Protecting health at our borders
Safe harbor from COVID-19’s tempests at sea
In early 2020, CDC and the US Coast Guard helped more than 260,000 people disembark from cruise ships that were threatened by COVID-19. The crisis started with infection spreading among passengers on a single cruise ship and led to the largest cluster of COVID-19 cases outside mainland China at that time.
- In March, COVID-19’s sudden spread on cruise ships led CDC to issue the first-ever industry-wide No Sail Order to keep the disease from spreading on the ships and into communities. In addition, CDC issued a Level 3 Travel Health Notice that warned all travelers to defer cruise travel worldwide based on widespread ongoing transmission of COVID-19.
- Since the crisis began, CDC and the Coast Guard have supported medical triage and evacuations for 41 cruise ships affected by COVID-19.
CDC continues working closely with cruise lines to develop public health guidance and preventive measures for the safe resumption of passenger travel on cruise ships.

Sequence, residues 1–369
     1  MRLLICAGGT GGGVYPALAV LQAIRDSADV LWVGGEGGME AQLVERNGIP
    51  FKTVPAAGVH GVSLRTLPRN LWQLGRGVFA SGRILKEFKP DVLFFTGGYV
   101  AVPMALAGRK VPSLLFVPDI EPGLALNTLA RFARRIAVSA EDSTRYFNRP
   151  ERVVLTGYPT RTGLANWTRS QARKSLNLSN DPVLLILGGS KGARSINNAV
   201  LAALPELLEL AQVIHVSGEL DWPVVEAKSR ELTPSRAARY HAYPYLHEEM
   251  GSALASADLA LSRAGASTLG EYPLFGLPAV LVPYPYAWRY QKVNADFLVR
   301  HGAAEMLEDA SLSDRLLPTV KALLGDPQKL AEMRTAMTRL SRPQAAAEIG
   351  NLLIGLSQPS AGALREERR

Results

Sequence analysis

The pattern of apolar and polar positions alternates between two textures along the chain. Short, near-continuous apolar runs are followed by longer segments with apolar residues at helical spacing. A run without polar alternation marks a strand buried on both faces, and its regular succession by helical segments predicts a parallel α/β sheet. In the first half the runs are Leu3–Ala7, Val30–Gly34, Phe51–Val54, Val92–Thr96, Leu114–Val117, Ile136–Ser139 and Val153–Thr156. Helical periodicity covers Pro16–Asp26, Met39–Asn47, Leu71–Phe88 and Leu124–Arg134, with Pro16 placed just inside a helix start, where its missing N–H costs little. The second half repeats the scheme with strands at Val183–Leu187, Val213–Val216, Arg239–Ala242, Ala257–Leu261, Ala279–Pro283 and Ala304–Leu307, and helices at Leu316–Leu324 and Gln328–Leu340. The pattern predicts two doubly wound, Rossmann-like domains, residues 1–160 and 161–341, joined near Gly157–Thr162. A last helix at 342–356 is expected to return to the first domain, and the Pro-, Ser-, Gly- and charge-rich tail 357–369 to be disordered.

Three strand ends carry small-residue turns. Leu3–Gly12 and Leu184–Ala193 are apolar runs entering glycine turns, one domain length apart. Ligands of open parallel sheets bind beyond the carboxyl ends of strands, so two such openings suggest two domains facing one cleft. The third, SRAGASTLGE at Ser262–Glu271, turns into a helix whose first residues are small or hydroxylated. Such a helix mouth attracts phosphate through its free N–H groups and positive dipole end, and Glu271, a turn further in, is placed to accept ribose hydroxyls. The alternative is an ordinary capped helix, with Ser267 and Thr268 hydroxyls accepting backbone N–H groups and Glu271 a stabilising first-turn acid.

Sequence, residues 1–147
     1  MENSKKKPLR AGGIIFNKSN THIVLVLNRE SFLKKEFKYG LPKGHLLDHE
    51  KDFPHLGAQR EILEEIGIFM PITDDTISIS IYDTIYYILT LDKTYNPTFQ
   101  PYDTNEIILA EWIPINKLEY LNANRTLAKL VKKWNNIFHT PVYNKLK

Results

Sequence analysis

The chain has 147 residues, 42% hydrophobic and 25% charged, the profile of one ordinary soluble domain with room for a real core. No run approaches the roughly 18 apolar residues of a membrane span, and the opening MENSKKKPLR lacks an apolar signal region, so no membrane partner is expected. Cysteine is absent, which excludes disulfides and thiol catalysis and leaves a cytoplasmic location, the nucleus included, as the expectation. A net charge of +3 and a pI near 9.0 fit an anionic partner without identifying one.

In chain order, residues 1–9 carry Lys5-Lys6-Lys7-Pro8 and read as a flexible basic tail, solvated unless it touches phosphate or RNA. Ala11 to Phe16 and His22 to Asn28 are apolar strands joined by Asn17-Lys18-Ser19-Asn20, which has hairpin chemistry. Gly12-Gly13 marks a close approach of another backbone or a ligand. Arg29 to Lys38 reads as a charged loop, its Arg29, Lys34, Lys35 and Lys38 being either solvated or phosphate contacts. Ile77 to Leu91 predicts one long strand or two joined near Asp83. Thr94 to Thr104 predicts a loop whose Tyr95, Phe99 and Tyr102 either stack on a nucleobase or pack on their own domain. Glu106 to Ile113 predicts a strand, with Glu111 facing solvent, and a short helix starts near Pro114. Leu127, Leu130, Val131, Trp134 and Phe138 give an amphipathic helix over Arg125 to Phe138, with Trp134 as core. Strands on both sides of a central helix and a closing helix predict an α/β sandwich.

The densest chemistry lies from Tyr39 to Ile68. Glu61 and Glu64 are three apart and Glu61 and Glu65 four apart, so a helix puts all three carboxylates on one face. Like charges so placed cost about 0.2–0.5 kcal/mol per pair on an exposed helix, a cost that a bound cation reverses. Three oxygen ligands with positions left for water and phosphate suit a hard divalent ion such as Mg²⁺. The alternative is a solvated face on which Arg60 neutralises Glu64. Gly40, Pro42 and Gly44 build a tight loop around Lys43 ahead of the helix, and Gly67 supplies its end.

Innovating and expanding to protect the United States from disease
The emergence of COVID-19 underscored the critical need to expand CDC’s quarantine and border activities to prevent the spread of disease. In the years ahead, NCEZID will innovate and expand programs that protect the United States from communicable disease, including
- Modernizing CDC’s quarantine station network through an integrated system involving international and domestic coverage of air, land, and sea points of entry.
- Increasing our capacity to work with cruise and cargo ships to better allow CDC to rapidly identify and respond to maritime public health risks.
- Expanding comprehensive traveler management systems to quickly provide travelers with essential information to contain infectious diseases before they spread.
A surge like no other: CDC screened a record-setting number of travelers at US airports
COVID-19 spread around the world at the speed of air travel, and to slow its entry into the United States, CDC screened a record number of international air passengers for symptoms of the disease. An estimated 766,044 people, arriving in the United States from 31 countries, went through the health checks at 15 airports.
CDC recruited and trained approximately 600 new staff for a surge to CDC’s 20 quarantine stations at the country’s borders and points of entry, where they and border agents helped identify infected travelers. CDC and state and local health departments found treatment for passengers who needed it.
CDC also posted travel health alerts (pictured above) on airport monitors and on postcards to warn people about the symptoms of COVID-19 and how to better prevent getting or spreading the disease